Murda She Wrote: November 2020

Featuring new music from Busy Signal, Masicka, Vybz Kartel and Stylo G.

by
Busy Signal in Miami, 2019. Credit: Chance Nkosi Gomez.

“Give thanks” is a popular Jamaican phrase that’s often used instead of “thank you.” It’s a conscious saying that reminds us to be grateful for the life we’ve been blessed with and for all the people and things that make it special.

If there was ever a year to count your blessings, 2020 is it. Most of our Thanksgiving celebrations had a very different feel: The pandemic limited family get-togethers, and many of us have loved ones we will never be able to reunite with again. But if you’ve made it this far, that’s something to be very thankful for. (That attitude of gratitude makes TIDAL’s Reggae Thanksgiving playlist one worth hearing at any time of the year. And as we enter the festive season, here’s a holiday playlist inna reggae stylee.)

In that spirit of reflection and appreciation, here are the month’s best dancehall tracks — songs guaranteed to kick-start any party (socially distanced, of course) or to help you “hold a meds,” if that’s where you’re at today. 

Busy Signal
“Seen It Before”


Born in the Jamaican parish of Saint Ann — birthplace of Bob Marley and Marcus Garvey — Busy Signal earned his name by virtue of his boundless energy and creativity. Upon relocating to Kingston he moved from one hardcore neighborhood (or “garrison”) to the next — Tivoli Gardens, Papine, Spanish Town — and during a trip to the U.S. got himself mixed up with the law. But no matter how many obstacles were thrown in his path, Busy always found a way to let his brilliance outshine the darkness.

Vowing to clean up his act, he returned to Jamaica and devoted himself to music. His abundant talents were soon recognized by dancehall’s Five-Star General, Bounty Killer, who wasted no time making Busy a part of his crew, known as the Alliance. In 2005 Busy released his first hit single, called “Step Out,” which would also be the name of his debut album. Reality tunes like “Nah Go a Jail Again,” which distilled many of the lessons learned from his misadventures in the States, and “Unknown Number,” a song about why gangsters don’t answer mysterious phone calls, demonstrated that Busy had more than prodigious lyrical prowess to offer. Whether he’s singing about street life or collaborating with international pop acts like No Doubt, Busy’s songs are all based on real-life experiences without exaggeration. So when he says, “I’ve seen it all before,” believe him.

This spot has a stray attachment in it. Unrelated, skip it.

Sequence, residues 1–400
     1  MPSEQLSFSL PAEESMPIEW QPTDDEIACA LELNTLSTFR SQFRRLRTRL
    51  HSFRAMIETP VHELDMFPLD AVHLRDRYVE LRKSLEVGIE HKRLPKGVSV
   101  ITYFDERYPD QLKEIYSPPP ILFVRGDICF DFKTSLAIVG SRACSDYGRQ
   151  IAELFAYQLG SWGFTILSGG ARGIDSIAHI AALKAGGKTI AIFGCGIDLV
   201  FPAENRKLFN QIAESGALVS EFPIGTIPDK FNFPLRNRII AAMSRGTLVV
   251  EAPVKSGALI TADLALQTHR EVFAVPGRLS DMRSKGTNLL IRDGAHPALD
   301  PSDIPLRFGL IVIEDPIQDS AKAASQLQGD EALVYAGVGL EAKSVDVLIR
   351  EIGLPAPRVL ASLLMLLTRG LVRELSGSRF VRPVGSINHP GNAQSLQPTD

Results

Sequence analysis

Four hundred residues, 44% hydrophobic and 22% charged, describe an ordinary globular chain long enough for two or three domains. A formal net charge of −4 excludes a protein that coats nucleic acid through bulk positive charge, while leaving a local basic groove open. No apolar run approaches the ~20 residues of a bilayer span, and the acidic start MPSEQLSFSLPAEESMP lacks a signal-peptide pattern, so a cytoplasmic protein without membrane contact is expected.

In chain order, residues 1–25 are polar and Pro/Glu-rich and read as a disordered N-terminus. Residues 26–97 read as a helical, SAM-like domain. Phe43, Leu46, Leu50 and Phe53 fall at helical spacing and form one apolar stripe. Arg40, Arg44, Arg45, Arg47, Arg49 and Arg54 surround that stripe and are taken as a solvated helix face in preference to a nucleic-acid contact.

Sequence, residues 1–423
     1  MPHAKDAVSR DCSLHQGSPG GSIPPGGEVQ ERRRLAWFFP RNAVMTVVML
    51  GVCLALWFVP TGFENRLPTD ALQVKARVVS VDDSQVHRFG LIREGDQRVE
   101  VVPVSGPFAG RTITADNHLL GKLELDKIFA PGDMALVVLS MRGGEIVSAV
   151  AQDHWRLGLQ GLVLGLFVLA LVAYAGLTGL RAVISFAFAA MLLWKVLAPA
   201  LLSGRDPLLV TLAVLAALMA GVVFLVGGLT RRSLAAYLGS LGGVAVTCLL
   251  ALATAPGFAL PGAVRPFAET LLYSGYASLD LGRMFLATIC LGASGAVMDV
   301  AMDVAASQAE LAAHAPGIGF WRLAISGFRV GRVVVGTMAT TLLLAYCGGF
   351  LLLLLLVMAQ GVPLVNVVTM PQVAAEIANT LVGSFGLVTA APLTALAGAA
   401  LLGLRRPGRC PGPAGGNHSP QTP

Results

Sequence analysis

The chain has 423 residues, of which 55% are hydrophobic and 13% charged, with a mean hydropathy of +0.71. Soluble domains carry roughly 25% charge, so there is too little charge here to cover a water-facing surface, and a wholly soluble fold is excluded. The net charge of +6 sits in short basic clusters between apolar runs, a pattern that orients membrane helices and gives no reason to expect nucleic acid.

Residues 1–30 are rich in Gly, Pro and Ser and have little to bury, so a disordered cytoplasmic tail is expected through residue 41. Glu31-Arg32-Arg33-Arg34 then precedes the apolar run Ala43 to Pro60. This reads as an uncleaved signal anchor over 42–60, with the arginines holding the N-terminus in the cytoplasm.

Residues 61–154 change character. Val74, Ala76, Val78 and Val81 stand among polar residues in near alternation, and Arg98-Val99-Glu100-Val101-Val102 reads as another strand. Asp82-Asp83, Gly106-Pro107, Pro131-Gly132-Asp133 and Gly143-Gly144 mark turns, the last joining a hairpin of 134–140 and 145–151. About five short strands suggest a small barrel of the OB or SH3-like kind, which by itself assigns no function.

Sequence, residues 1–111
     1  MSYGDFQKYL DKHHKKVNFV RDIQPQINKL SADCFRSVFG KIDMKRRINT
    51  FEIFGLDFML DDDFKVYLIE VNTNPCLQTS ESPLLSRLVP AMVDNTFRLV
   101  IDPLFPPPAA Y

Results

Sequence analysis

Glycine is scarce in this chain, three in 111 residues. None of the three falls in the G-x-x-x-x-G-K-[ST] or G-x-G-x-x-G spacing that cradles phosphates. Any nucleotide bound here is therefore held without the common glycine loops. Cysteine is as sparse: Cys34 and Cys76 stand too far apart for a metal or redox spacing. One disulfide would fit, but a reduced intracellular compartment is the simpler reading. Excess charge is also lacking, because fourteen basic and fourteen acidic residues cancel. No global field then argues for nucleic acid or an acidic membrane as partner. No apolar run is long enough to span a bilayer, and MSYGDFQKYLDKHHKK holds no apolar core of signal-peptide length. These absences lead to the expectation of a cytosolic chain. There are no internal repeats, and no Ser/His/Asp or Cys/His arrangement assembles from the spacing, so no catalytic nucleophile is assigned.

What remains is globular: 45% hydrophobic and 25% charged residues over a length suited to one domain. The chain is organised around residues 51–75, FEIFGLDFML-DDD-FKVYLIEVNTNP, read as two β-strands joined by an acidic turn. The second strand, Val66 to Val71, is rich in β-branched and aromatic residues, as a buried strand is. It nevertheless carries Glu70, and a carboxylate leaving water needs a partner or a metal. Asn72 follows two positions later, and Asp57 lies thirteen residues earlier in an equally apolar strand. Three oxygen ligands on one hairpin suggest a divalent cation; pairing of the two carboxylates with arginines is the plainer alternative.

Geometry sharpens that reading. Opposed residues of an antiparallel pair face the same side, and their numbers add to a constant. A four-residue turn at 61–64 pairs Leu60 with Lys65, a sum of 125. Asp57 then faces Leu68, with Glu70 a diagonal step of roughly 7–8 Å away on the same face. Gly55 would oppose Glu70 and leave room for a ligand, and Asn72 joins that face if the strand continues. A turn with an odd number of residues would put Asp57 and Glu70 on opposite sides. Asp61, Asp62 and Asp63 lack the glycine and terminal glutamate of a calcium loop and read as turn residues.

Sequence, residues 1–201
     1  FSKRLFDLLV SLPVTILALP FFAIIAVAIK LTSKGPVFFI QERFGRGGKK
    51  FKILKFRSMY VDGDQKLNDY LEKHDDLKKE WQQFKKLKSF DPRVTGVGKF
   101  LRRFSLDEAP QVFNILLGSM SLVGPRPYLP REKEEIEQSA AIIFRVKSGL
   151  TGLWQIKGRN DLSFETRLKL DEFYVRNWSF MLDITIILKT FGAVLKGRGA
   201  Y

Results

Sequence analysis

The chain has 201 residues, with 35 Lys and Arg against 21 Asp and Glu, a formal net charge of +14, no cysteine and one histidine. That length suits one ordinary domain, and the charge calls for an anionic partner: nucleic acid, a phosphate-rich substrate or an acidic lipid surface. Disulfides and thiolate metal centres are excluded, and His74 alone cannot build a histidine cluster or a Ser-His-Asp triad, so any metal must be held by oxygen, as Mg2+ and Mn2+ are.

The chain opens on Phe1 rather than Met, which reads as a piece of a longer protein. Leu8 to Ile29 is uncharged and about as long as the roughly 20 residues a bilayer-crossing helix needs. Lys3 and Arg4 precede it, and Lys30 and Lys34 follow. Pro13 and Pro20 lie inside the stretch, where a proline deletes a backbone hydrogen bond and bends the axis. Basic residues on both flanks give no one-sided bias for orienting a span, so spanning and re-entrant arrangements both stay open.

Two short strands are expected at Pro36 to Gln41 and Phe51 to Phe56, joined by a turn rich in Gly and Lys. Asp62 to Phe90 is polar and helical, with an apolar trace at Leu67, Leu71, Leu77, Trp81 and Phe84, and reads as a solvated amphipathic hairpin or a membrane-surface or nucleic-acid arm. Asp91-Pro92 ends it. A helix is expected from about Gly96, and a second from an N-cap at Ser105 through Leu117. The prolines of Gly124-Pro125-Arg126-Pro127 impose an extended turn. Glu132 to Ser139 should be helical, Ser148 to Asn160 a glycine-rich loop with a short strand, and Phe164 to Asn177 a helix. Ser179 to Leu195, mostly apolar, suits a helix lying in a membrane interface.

“Look at my hands,” Busy told me back in 2017, shortly after he’d returned to the U.S., having fought for his freedom and his visa. As he held out his hands to show me the scars, the emotion was palpable. “I could get plastic surgery on them if I wanted,” he said. “But no. I want to remember.” 

Later that same year, Busy would release the anthem “Stay So,” which became a standout single on his 2019 album Parts of the Puzzle. His recent release “Seen It Before” carries on in a similar vein. “Some say them a run place,” he chats on the new tune. “Nuff get erased can’t replace.” 

On another new tune called “Go Shot,” Busy emphasizes that “real hustlers, we never do it for the clout.” When you’ve reached the levels that the Turf President has attained in the game, clout chasing is beside the point. “Roll out,” he raps, “big fat Benz and Polo, ice pon me neck well cold though.”

As Busy explained to me, “In today’s world there are more fake people than real people.” The way he figures it, “for every two or three people who like you, you got five or seven people who hate you. But at the end of the day, I accept it because they can’t touch me or do me nothing.” Spoken like a man who’s seen more than most. Seen?

Masicka
“I Wish”


The first time I met Masicka he was a hot new artist on the rise, fresh off the release of his 2014 Sikk Tape and excited to report that it had racked up 30,000 views. Determined to stay focused, he wasn’t about to let the success go to his head. “We work for it,” he told me then with a smile, speaking about all the sleepless nights. “I put in the work and the streets appreciate it, so the feeling is good.” 

Six years later Masicka is reaping the benefits of all his hard work, having carved out his own distinctive sound, by turns melodic and hardcore, and attracted a loyal following in the process. The music video for his latest single, “I Wish,” has racked up more than a million views in one week. Over a plaintive guitar loop, the artist, who’s known to his fan base as the Genahsyde Boss, reflects on the choices he’s made while chasing his dream of dancehall stardom, remembering that his mother told him the money doesn’t matter as long as he makes her proud. “Mummy, can you forgive me for livin’ like this?” he asks. “Mi life ah move too fast, is like mi need fi check di speed.” Listening to the song, you can feel him trying to balance the hazards of life in the fast lane with his desire to live long enough to see his grandkids grow up.